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A U.S. researcher has used historic photographs as evidence of fishing's impact on marine ecosystems and the decline of "trophy fish."

Graduate student researcher Loren McClenachan of the Scripps Institution of Oceanography at the University of California-San Diego accessed archival photographs spanning more than five decades to describe an 88 percent decline in the estimated weight of large predatory fish imaged in black-and-white 1950s sport fishing photos compared with the relatively diminutive catches photographed in modern pictures.

"These results provide evidence of major changes over the last half century and a window into an earlier, less disturbed fish community ..." she said.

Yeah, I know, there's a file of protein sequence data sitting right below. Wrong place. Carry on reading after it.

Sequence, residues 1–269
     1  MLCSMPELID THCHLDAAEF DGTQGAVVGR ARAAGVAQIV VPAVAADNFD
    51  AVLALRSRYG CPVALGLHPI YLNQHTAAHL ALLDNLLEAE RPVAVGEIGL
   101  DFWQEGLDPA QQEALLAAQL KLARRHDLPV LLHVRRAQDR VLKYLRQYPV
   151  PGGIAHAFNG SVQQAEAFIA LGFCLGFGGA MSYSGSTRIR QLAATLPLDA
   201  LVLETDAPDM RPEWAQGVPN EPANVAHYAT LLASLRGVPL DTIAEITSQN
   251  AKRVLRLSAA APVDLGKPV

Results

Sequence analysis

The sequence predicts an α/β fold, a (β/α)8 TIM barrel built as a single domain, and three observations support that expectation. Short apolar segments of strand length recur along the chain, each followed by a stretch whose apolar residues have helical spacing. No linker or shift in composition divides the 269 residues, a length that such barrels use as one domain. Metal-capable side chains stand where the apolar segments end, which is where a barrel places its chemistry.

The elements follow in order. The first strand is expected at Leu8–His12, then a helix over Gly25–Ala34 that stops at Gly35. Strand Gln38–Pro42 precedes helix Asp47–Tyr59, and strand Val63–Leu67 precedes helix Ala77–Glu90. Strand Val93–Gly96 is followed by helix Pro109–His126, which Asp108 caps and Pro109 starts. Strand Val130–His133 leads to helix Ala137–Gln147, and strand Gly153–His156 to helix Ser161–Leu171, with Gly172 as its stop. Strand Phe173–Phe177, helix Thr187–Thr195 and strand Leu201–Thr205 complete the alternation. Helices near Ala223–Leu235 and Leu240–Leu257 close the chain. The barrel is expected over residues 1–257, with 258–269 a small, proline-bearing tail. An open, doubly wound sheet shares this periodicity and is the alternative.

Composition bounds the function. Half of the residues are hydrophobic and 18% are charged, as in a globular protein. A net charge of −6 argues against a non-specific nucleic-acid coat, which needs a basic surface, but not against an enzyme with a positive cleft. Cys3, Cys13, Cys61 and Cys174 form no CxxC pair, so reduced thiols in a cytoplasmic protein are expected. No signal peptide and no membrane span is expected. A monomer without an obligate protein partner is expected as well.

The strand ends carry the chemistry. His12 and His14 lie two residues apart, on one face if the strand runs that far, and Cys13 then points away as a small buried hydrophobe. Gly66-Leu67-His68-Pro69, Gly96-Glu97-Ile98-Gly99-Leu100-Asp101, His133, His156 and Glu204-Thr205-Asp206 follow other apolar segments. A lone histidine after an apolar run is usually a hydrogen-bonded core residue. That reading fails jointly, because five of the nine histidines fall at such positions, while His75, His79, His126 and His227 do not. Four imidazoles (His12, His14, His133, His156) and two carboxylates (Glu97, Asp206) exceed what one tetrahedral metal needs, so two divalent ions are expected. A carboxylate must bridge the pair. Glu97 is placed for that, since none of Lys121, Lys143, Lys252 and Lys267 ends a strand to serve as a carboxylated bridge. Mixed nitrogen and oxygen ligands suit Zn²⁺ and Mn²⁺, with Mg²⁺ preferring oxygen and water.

McClenachan's said her studies, which involved analyzing approximately 1,275 fish from photographs, are part of an emerging field called historical marine ecology, in which scientists study photographs, archives, news accounts and other records to help understand changes in the ocean ecosystem over time.

McClenachan said she believes historical ecology can not only help describe the structure of ecosystems that existed in the recent past but can be used to establish goals for restoration of large predators, both on land and in the water.

The study is to be published in an upcoming issue of the journal Conservation Biology, while a companion paper will appear in the journal Endangered Species Research.